He reported that the corporation formed the 'War Room' in its attempt to completely eradicate fuel queues from Lagos and Abuja initially and later other parts of the country and within three days the task force was able to minimize fuel queues.

He also appealed to the legislators to act as champions of the proposed reform agenda of the petroleum sector by educating other members of the house on the import of the bill and pressurize the executive arm of government to speedily implement the deregulation policy.

Responding, the Chairman, House of Representative committee on Petroleum Resources (Downstream), Hon. Clever Ikisipko assured the NNPC of his committee's readiness to support the passage of the PIB adding that with the briefing by the GMD his committee would submit its report to the house and called for regular interactions between the committee and the corporation.

Recent Changes To U.S. Refinery Capacity

The previous edition of This Week In Petroleum reported negative earnings for major refiners during the fourth quarter of 2009, reflecting declining petroleum product demand and a weak economy over the past 18 months. One consequence of the sharp decline in oil demand has been the development of significant excess refining capacity and the shutdown or idling of several U.S. refineries. Two East Coast refineries have been closed in recent months; and several smaller plants have been idled, but could be brought back on line in a matter of weeks. On the other hand, a significant 180,000-barrel-per-day capacity addition at the existing Marathon refinery in Garyville, Louisiana was completed in January that will partially offset these closures.

One indicator of potential industry financial performance that captures both demand and capacity is refinery utilization (calculated as gross inputs divided by operable refinery capacity). Consistent with today’s economic environment, analysts have seen the Energy Information Administration’s (EIA) refinery utilization measure drop from pre-recession levels of more than 90 percent in 2007 to rates hovering around 80 percent in recent months. In order to properly interpret these changes, users may need to better understand EIA’s definition of refinery capacity, and be aware of timing issues related to reporting and publication cycles.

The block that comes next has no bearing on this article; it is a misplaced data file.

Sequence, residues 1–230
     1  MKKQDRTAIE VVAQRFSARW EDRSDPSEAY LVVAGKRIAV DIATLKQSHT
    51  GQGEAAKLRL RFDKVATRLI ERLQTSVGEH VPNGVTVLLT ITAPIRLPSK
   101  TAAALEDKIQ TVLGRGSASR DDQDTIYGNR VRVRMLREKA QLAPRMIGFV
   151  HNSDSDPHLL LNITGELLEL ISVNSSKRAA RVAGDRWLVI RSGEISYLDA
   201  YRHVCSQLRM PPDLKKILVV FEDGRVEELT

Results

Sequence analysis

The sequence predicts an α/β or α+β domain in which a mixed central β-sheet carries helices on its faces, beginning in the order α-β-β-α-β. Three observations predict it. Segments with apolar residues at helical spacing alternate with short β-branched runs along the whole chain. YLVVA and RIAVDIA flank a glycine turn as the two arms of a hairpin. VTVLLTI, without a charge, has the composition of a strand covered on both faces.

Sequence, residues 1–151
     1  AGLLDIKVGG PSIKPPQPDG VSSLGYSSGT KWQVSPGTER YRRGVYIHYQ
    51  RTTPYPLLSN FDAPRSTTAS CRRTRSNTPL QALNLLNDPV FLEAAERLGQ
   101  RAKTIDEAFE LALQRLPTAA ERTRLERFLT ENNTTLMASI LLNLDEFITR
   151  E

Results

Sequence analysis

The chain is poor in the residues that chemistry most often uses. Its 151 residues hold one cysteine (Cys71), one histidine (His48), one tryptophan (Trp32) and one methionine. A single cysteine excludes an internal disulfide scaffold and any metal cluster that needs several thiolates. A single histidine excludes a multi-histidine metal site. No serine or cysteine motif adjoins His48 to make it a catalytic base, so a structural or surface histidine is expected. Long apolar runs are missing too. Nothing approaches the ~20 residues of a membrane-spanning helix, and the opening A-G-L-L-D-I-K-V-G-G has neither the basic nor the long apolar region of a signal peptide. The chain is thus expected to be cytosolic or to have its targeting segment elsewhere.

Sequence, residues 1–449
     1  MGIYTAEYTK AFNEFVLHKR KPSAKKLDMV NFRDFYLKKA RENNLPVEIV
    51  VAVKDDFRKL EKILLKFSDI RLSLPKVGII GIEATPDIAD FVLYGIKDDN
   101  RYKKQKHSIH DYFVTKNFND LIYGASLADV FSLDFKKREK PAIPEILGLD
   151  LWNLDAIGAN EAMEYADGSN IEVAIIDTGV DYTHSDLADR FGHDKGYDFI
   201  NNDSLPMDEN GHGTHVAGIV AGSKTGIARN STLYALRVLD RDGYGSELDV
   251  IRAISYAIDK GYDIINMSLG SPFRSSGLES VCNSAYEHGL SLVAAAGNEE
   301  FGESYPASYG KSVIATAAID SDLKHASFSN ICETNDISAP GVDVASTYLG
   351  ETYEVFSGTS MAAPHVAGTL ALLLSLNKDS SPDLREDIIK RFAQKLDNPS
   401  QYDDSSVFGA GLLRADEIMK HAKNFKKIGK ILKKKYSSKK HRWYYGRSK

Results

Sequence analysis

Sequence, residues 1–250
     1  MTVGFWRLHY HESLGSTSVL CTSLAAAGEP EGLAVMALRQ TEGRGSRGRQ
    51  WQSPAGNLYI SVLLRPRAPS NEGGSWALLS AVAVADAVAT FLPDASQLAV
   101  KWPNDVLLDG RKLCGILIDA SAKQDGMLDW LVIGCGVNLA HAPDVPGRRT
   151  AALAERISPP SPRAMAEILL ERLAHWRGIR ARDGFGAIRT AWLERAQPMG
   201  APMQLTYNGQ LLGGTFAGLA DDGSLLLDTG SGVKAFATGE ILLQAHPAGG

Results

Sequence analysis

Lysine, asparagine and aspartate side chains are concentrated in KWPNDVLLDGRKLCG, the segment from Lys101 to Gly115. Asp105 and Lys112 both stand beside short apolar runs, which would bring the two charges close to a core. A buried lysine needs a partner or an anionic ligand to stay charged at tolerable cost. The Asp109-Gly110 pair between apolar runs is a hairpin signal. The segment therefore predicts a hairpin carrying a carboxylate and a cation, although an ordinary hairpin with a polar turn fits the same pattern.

Refinery capacities are collected as part of EIA’s monthly petroleum supply data, and are reflected in capacity and utilization figures in the Petroleum Supply Monthly (PSM) and Weekly Petroleum Status Report (WPSR). For ease of reporting and interpretation, the “refinery capacity” expressed here and in EIA data refers to crude oil distillation capacity alone. EIA reports “operable” refinery capacity, which is the sum of “operating” and “idle” capacities, in the PSM and WPSR. When permanently shut down, capacity is removed from the totals. While Western’s Bloomfield and Flying J’s Bakersfield plants are not currently operating, they fall under the official definition of “idle,” since they report that they are capable of resuming operation within 30 days, and thus are still being counted under operable capacity.

There is also a timing issue that users should understand. The operable capacity totals reported in the WPSR, and used to calculate the weekly utilization rate, are updated when the WPSR is benchmarked to the latest monthly data, which occurs more than 2 months after the reporting month, and at least 3 months after the effective refinery capacity update. The WPSRs published since March 17 reflect refinery capacity as of December 1, 2009 from the latest edition of the PSM. When the January PSM data are used for the next WPSR benchmarking cycle in mid-to- late April, users should see a decrease in the WPSR operable capacity that accounts for the capacity changes in Table 1 reported by companies for January. (Note that some January changes shown in Table 1 still might not be included in the January data since PSM respondents are asked to report capacity as of the start of the reporting month.)